Camestros Felapton

Camestros Felapton is a blogger and a 2018 Hugo finalist Fanwriter. He and his cat can be found at His current work in progress is a history of the Sad Puppy controversy entitled "Debarkle".

I'm going to assume there is some massive and very creative AI behind this holodeck that can extrapolate the fictional universe it replicates and fill in the gaps. I'm going to go and visit the enigmatic Sisterhood of Karn from Doctor Who. There's only a small bunch of them but in theory, they are the most likely people to have the foggiest idea of what is going on in the crazy timey-wimey mess of Doctor Who continuity. They also look like a cool bunch of people to hang out with for a bit.

Andrew Hiller

This is the second time Andrew has melded minds. He now knows things he shouldn't. Andrew was named author of the year in 2019 by the Baltimore Faerie Faire for A Halo of Mushrooms and his first picture book, Pitter Patty Finds Another Day is scheduled to be released in 2022. You can find his work in print, on canvas, and on the radio at

When Geordie pulls off his visor to become Lavar and asks, “What world would you like me to read you into?” be careful. Being asked to enter a world created by a holodeck is as dangerous as parsing out how to phrase a wish a genie has just offered.

I mean do you want a house to fall on you? Do you want a Lost Boy to stab you? Are you going to risk indigestion at the Restaurant at the End of the Universe after the chef realizes that Yelp ratings don't matter once the universe ends?

Do your homework. Be specific. Don't blurt. 


I might choose Catherynne Valente's Fairyland after the shadows were returned. Imagine the food, the celebratory magic, the creatures, and all that exuberant music.

Mind you, I'm getting out before the next book starts. 

K.B. Spengler

K.B. Spangler lives in North Carolina with her husband and two completely awful dogs. Her most recent book is The Blackwing War.

Before the pandemic, I would have said my Holodeck adventure was set in Pern, or Narnia, maybe even standing alone with my sword in a tulgey wood. An adventure! Something new, something novel, something beautiful and terrible and, most of all, beyond!

Now? I want to go back to Disney World with my family. It was our first vacation together since my niece turned old enough to have a personality. She loved it, experiencing all of these pieces of fiction that were recurring characters in the background of her daily life.

To me, Disney is a slick streamlined package of forced nostalgia and commercialism which exists to stripmine both intellectual property and bank accounts. Before the pandemic, I gritted my teeth and endured the crowds, commercialism, and Florida. Clarification: Florida in late July.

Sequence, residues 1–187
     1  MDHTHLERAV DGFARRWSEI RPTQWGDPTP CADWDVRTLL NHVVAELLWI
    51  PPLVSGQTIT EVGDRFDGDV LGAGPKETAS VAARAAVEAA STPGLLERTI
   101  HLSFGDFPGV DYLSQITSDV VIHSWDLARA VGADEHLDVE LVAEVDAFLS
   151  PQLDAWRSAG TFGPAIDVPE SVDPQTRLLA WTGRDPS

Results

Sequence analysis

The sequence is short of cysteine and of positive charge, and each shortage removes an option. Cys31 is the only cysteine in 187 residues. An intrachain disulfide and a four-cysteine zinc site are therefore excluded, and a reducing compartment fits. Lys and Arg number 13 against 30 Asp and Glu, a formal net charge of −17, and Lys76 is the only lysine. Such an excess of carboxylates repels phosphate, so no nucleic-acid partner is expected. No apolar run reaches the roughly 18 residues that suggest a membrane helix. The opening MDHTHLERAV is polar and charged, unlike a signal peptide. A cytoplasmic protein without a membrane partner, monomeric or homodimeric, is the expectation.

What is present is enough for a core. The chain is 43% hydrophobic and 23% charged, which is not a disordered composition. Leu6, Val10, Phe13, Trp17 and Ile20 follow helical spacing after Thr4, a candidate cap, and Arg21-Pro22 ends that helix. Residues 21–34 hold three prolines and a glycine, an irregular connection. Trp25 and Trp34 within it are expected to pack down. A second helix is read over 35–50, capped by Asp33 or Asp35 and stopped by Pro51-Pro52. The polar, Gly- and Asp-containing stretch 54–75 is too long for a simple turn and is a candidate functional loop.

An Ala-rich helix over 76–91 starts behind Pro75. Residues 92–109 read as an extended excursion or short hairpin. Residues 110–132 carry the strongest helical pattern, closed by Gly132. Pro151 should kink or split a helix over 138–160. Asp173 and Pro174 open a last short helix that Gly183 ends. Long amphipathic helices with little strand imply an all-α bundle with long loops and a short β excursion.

After the pandemic, I don’t want anything more than to see my niece lose her shit over Rapunzel.

I want to be there as my niece enjoys her Holodeck.

Nancy Jane Moore

Nancy Jane Moore’s fantasy novel For the Good of the Realm is coming June 1 from Aqueduct Press.

The Murderbot ’Verse. Not only am I, like many others, obsessed with Murderbot, but Martha Wells has created a universe with a huge realm of possibilities for play. For starters, people could run The Rise and Fall of Sanctuary Moon along with many other shows from SecUnit’s media storage. You’ve got the Corporate Rim contrasted with Preservation, ART’s missions, and alien contamination. The minute I saw Amena pursuing the catalogue for the Pansystem University of Mihira and New Tideland, I wanted stories about her as a student there. Plus all the nice moral dilemmas about who counts as a person.

Shelley Parker-Chan

Shelley Parker-Chan is an Asian-Australian former diplomat who worked on human rights, gender equality and LGBT rights in Southeast Asia. Raised on Greek myths, Arthurian legend and Chinese tales of suffering and tragic romance, her debut novel She Who Became the Sun owes more than a little to all three.

One of the most frustrating things about being a fan of Chinese danmei (queer) TV dramas is how productions have to bend themselves in knots to comply with China’s strict broadcast rules. Queer content, time travel, reincarnation: banned! Given that the source novels are full of disallowed content, TV adaptations can end up like Swiss cheese. One of the worst cases of a great novel turned incomprehensible show was Guardian (2018), which involves a mild-mannered professor who’s actually the King of Hell, and his cop boyfriend who’s the reincarnation of an elder god. I’d materialise the incredibly charismatic cast of that show—then I’d feed the original webnovel into the computer, and get myself a faithful, uncensored adaptation. With kissing.


POSTED BY: Paul Weimer. Ubiquitous in Shadow, but I’m just this guy, you know? @princejvstin.